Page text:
WARSAW – American millennials have a lot of complaints about their lot in life. So here’s a question for them: When is the last time you had to walk through a sewer waist-high in human filth, choking on the toxic ammonia, yet unable to cough for fear of alerting the Nazi SS soldiers on the street above – knowing that if you did, they would open a manhole cover and toss in grenades or poison gas to kill you?
Here in Warsaw 75 years ago, teenagers did exactly that. Last week, surviving members of the resistance gathered in the Polish capital to mark the anniversary of the Warsaw Uprising, when the underground Home Army rose up, freed the city from Nazi occupation and held it for 63 days.
I came here with my 91-year-old mother, who fought in the uprising. Before the insurgency began, she served as an underground courier, carrying radios and messages across the city. She and her fellow girl scouts would sneak out of their homes after curfew – a crime punishable by death – to leave flowers at monuments to Polish heroes or paint anti-Nazi graffiti on walls. And during the uprising itself, she would dodge German sniper fire as she ran across barricades to carry orders and weapons to soldiers fighting on the front lines.
Only about a quarter of the Poles had weapons; many went into battle armed with little more than rocks. Kids as young as 10 or 11 would sneak up to German tanks and set them on fire using gasoline bombs. The Nazis responded with unbridled fury. In the city’s Wola district, they executed more than 50,000 civilians. By the time the Home Army was forced to surrender, nearly 200,000 civilians and 16,000 soldiers were dead, and 80% of the city was destroyed.
In our colleges and universities, first millennials and now their Generation Z successors have demanded “emotional safety,” insisting on “safe spaces” and “trigger warnings” to protect them from ideas they don’t like, because they tell us that “words are violence.” No, they are not. Violence is SS officers using flamethrowers to clear buildings. Violence is defenseless civilians being put in front of Nazi Panzers as human shields. During the Warsaw Uprising there were no “safe spaces” – battles were literally fought house to house, room to room. There were no “trigger warnings” – only Germans pulling their triggers as they executed civilians and prisoners of war lined up on street corners.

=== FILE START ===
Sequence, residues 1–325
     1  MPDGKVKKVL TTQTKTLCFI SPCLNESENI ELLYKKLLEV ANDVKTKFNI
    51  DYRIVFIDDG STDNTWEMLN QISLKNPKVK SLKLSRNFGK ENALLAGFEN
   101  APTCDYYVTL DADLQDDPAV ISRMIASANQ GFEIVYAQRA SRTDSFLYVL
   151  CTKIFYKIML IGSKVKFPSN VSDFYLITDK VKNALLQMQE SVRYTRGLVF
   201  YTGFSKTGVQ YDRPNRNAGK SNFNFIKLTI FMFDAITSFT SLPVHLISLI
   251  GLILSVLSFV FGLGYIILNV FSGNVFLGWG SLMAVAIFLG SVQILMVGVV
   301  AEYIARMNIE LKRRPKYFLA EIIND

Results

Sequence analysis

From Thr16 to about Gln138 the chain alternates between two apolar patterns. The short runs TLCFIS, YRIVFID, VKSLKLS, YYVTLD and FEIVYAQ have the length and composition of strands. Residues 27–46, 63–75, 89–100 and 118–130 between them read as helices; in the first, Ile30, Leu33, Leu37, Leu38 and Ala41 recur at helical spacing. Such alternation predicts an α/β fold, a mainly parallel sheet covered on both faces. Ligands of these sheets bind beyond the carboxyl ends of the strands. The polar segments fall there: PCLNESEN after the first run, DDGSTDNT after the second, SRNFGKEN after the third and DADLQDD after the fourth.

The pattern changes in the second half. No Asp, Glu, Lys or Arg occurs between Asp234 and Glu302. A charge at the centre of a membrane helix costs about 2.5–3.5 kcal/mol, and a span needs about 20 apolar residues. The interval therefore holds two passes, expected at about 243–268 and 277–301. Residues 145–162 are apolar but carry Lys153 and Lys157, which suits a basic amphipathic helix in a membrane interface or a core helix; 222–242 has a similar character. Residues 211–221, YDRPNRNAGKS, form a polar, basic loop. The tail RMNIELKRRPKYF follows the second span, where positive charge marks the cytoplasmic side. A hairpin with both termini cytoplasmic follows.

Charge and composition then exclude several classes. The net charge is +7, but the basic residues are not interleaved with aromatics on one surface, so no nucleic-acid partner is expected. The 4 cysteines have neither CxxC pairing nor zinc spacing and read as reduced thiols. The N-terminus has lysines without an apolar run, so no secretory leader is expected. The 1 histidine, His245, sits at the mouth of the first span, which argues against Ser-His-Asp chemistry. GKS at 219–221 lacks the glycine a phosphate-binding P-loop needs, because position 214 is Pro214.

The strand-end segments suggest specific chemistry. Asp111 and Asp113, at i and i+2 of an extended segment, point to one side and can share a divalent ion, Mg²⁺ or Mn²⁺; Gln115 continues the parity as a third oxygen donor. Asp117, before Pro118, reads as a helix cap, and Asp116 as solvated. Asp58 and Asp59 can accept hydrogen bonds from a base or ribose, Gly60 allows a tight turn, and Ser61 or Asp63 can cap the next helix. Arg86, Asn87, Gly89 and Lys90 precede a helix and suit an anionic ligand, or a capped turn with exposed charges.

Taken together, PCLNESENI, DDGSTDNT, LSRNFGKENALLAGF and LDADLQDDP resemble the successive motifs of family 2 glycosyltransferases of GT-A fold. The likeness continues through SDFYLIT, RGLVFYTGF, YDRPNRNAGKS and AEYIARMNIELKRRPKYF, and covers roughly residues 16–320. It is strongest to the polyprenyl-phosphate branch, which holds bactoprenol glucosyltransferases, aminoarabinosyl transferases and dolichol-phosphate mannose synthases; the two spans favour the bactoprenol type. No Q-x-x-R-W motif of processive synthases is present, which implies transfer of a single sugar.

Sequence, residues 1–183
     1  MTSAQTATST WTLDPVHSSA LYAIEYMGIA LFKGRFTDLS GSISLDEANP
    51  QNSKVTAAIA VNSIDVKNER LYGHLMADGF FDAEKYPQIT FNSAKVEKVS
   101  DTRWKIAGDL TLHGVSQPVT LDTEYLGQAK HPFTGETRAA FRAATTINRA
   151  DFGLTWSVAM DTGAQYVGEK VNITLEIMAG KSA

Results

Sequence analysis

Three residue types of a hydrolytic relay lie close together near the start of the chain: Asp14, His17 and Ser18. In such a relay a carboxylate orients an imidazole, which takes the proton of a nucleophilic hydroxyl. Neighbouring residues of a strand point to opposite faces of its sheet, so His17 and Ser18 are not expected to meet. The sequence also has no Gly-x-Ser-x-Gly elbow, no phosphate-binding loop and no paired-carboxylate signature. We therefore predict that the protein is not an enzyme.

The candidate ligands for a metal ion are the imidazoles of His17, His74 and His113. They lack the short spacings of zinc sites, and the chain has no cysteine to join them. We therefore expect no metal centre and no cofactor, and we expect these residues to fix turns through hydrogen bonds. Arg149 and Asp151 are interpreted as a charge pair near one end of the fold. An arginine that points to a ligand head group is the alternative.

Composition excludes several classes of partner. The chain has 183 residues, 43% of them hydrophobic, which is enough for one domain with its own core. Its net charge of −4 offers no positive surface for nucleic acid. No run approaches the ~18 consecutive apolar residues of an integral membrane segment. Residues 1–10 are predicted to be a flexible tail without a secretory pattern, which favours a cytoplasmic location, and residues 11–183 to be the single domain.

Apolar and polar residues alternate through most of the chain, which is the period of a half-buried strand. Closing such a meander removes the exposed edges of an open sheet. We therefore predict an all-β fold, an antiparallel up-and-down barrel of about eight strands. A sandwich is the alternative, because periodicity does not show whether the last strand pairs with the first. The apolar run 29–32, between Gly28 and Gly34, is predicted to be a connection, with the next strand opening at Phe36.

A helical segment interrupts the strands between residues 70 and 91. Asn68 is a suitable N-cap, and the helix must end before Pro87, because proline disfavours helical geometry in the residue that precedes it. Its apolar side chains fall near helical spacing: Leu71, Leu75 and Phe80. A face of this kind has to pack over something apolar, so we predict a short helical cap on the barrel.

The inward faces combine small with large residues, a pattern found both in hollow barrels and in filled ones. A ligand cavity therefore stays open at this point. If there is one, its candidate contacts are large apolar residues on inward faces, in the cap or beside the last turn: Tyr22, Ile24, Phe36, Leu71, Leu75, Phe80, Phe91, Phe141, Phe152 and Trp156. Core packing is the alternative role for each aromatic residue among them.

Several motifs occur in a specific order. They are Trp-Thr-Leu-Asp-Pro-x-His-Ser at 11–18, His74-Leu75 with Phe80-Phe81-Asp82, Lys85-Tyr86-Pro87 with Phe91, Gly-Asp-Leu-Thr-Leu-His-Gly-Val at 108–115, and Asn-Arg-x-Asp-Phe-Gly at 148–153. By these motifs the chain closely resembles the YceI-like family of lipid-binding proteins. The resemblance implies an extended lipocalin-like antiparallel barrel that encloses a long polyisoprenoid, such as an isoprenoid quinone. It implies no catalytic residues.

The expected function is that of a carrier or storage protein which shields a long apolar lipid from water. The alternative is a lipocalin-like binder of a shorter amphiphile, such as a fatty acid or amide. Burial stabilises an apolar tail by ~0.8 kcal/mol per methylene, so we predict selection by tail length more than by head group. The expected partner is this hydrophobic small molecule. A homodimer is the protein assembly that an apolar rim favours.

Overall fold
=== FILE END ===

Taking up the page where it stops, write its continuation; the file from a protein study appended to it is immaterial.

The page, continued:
In Poland, young people understand this. It was remarkable to watch how young Poles embraced the nonagenarian insurgents. More than 10,000 scouts and volunteers stepped forward to help with the commemorations – pushing the aged partisans in their wheelchairs, bringing them cups of water and soaking in their stories. On Aug. 1, at exactly 5 p.m. – the “W” hour, when the uprising began – the entire city came to a halt. As air raid sirens wailed, people poured onto the streets, setting off flares and car alarms, honking their horns – and chanting in unison, “Heroes, we will not forget you.”
I brought my kids – ages 17, 16 and 13-year-old twins – here to witness this. I wanted them to see with their own eyes what real adversity, sacrifice and heroism look like. I wanted them to put their fingers in the bullet holes that still mark the walls where the Nazis executed children their age. I wanted them to understand that these horrific events happened within the lifetimes of their immediate family, and that they must never take for granted the freedom, peace and security they enjoy.
Most of all, I wanted them to realize that they are growing up in what is, quite literally, the greatest time in the history of man to be alive. At no time since human civilization began has there been more prosperity, more freedom, more upward mobility, better life expectancy and less poverty, disease, hunger, illiteracy or violent crime than there is today. This unprecedented moment was purchased for them by the sacrifices of a generation before them – men, women and even children their ages, who took up arms, stood up to evil and gave their lives so that they could live in a world of peace, liberty and limitless opportunity.
Their job is to never forget that sacrifice, and to uphold the values for which they fought. And most of all, to be grateful they never had to trudge through a sewer to avoid Nazis.
Marc A. Thiessen is a columnist with the Washington Post Writers Group. Follow him on Twitter, @marcthiessen.
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